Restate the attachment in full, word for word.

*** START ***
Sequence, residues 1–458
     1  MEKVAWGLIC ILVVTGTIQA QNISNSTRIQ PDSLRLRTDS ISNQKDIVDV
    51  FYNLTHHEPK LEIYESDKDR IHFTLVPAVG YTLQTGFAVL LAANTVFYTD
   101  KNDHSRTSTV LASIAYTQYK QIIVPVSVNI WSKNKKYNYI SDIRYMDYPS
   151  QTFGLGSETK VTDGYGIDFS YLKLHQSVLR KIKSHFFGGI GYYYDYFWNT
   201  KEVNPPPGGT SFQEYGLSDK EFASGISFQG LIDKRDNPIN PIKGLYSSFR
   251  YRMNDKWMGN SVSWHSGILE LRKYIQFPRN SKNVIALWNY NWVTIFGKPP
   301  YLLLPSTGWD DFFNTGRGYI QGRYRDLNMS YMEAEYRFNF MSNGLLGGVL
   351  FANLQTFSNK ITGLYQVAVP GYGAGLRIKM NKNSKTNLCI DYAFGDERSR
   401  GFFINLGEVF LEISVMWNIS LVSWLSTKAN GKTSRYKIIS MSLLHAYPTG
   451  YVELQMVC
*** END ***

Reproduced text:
Sequence, residues 1–458
     1  MEKVAWGLIC ILVVTGTIQA QNISNSTRIQ PDSLRLRTDS ISNQKDIVDV
    51  FYNLTHHEPK LEIYESDKDR IHFTLVPAVG YTLQTGFAVL LAANTVFYTD
   101  KNDHSRTSTV LASIAYTQYK QIIVPVSVNI WSKNKKYNYI SDIRYMDYPS
   151  QTFGLGSETK VTDGYGIDFS YLKLHQSVLR KIKSHFFGGI GYYYDYFWNT
   201  KEVNPPPGGT SFQEYGLSDK EFASGISFQG LIDKRDNPIN PIKGLYSSFR
   251  YRMNDKWMGN SVSWHSGILE LRKYIQFPRN SKNVIALWNY NWVTIFGKPP
   301  YLLLPSTGWD DFFNTGRGYI QGRYRDLNMS YMEAEYRFNF MSNGLLGGVL
   351  FANLQTFSNK ITGLYQVAVP GYGAGLRIKM NKNSKTNLCI DYAFGDERSR
   401  GFFINLGEVF LEISVMWNIS LVSWLSTKAN GKTSRYKIIS MSLLHAYPTG
   451  YVELQMVC